Now we come to our special verb: 'Their eyes were opened, and they recognised Him. And He disappeared from them' (Luke 24:31). Looking at the context, we notice that two disciples from Emmaus were discouraged, perhaps even depressed. But the Lord came to their rescue. How often we need this help and the Lord comes in to encourage us. How does He do it? First, He asked about their circumstances. He did not impose Himself, and in God's providence they did not immediately recognize Him either, although they had been familiar with Him. Then, gradually, a change started to take place and they began to have confidence in Him, so He could speak freely to them: 'Ought not the Christ to have suffered these things and to enter into His glory? And having begun from Moses and from all the prophets, He interpreted to them in all the scriptures the things concerning Himself' (v. 26f). The Lord could not have started with this topic right away, but now He is able to come closer to them, while speaking of Himself. How? By quoting Moses' writings, the prophets and all the Scriptures (the complete Old Testament), explaining the things concerning Himself! The two disciples must have perked up their ears, as they started to see and their hearts opened up for Him. This could be a subject in itself: are our hearts really opened to welcome the Lord Jesus, to really embrace Him?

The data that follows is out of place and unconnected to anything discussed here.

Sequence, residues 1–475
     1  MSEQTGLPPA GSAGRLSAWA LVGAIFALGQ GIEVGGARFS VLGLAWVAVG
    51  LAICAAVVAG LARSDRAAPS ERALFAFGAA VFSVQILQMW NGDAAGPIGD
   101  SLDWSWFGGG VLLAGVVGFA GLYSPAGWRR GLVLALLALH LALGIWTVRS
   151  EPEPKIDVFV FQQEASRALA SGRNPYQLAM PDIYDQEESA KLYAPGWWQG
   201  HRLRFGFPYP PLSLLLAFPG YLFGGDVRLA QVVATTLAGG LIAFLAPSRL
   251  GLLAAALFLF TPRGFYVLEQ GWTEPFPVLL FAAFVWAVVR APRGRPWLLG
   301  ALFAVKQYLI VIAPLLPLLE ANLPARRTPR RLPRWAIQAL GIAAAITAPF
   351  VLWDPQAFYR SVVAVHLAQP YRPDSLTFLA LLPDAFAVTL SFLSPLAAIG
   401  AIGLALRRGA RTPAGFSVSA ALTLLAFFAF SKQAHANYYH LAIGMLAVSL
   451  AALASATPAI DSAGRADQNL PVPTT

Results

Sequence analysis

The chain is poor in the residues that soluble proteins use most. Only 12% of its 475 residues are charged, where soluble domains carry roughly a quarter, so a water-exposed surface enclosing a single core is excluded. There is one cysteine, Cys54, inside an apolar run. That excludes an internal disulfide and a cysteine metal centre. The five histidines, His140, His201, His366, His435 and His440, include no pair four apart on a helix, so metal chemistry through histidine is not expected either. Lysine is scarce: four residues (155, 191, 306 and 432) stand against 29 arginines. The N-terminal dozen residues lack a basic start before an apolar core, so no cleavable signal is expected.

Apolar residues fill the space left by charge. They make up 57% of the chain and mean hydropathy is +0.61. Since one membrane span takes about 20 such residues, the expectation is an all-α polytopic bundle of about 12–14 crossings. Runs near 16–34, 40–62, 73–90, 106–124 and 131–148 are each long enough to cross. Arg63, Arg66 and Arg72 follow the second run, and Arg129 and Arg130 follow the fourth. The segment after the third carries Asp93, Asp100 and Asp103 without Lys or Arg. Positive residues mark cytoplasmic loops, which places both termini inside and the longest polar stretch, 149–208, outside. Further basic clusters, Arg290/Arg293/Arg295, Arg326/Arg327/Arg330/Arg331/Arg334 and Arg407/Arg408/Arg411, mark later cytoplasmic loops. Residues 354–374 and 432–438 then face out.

It is important to understand that all the Scriptures speak of Christ. He is the Key. Without Him, we cannot understand the writings of Moses. In Genesis 1, we meet the Creator: how great He is (cf. John 1:1f; Col. 1:16f; Heb. 1:2f)! In Exodus, Moses describes many details linked with Israel's redemption from Egypt. But when we understand that the Lord Jesus is the Key, we start to see that He is being portrayed in the Passover lamb (Ex. 12), in the bondservant of Exodus 21, and so on. Using Himself as the Key, the Lord was able to draw the two disciples' attention, away from their problems and themselves, to the things concerning Himself.